11. MsMar

    MsMar Fanatic

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    I think it's terrible how low the top of the pay scale is. I don't care how reasonable the cost of living may be, it's just not an appropriate wage for someone who has been doing a job for that many years. I'm totally okay with the beginning pay, I think $30K for first job out of college is definitely acceptable. My first job paid $24K (in 1994, in NYC working in the HR department for a bank) so by today's standards I feel that compares to what this scale starts at. But the top pay? Pathetic.
     
  12. 2ndTimeAround

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    And...some of the areas with low pay and low supplements are in high-cost areas too. Maybe not NYC high, but not nearly as low as people expect the Carolinas to be. You can travel 30 miles and go from decent apartments costing $500/month to $2000/month. But those 30 miles might take you over an hour to drive. Many teachers cannot afford to live in the communities where they teach.
     
  13. Ms_C

    Ms_C Comrade

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    It is incredible that I make what a teacher that has been teaching for 25 years make.
     
  14. Luv2TeachInTX

    Luv2TeachInTX Comrade

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    That's just, wow. No wonder teachers are leaving the state. They must have the lowest salary in the U.S. for teachers. :(
     
  15. waterfall

    waterfall Maven

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    Our salary scale would be almost the same, except teachers make significantly more for having masters degrees in my district. We're one of the only districts in the area that is still paying more for extra credits/extra degrees though, so I'm really worried that my district will stop also. If placed on the correct step, I would make only $500 more per year here than I would in NC with a BA. However, with a masters I'd make $7,000 more here.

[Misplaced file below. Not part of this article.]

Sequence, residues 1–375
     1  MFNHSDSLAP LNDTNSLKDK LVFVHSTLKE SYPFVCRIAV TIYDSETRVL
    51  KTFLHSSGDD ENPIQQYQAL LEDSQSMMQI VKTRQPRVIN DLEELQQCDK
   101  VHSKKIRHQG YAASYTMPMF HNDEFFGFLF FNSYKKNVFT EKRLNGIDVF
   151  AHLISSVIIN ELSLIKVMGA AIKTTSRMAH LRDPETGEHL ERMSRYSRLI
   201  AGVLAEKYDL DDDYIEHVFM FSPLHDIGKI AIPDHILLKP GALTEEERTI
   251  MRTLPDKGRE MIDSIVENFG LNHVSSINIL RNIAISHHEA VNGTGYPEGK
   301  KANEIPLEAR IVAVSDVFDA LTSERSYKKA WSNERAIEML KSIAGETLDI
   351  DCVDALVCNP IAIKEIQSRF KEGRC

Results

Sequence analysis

16. lilia123

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    I will have to work 15 years to make what I made as a brand new teacher in Maryland. After 30 years of service, its not too much for your pay to at least double. Why has the attitude in education shifted to rewarding inexperience, instead of longevity and dedication for the profession. I guess when they have a huge teacher shortage in 10 years in this country politicians will only have themselves to blame. But what am I thinking they will just blame teachers! I have heard read several articles in local papers recently about the significant decline in students majoring in education in the NC University system.
     
  17. ecteach

    ecteach Devotee

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    It's better than the nothing that we've gotten the past couple years. I am appreciative.
     
  18. YoungTeacherGuy

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    I'd have to be a school superintendent in North Carolina (with lots of experience) to make what I earn as a VP here in CA! :dizzy::dizzy::dizzy:
     
  19. bros

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    So NJ starts out near what NC teachers end at? Wow.
     
  20. bandnerdtx

    bandnerdtx Aficionado

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    The starting salary for FIRST YEAR teachers in the Houston area is $50,000! Shame on North Carolina...
     
  21. MissCeliaB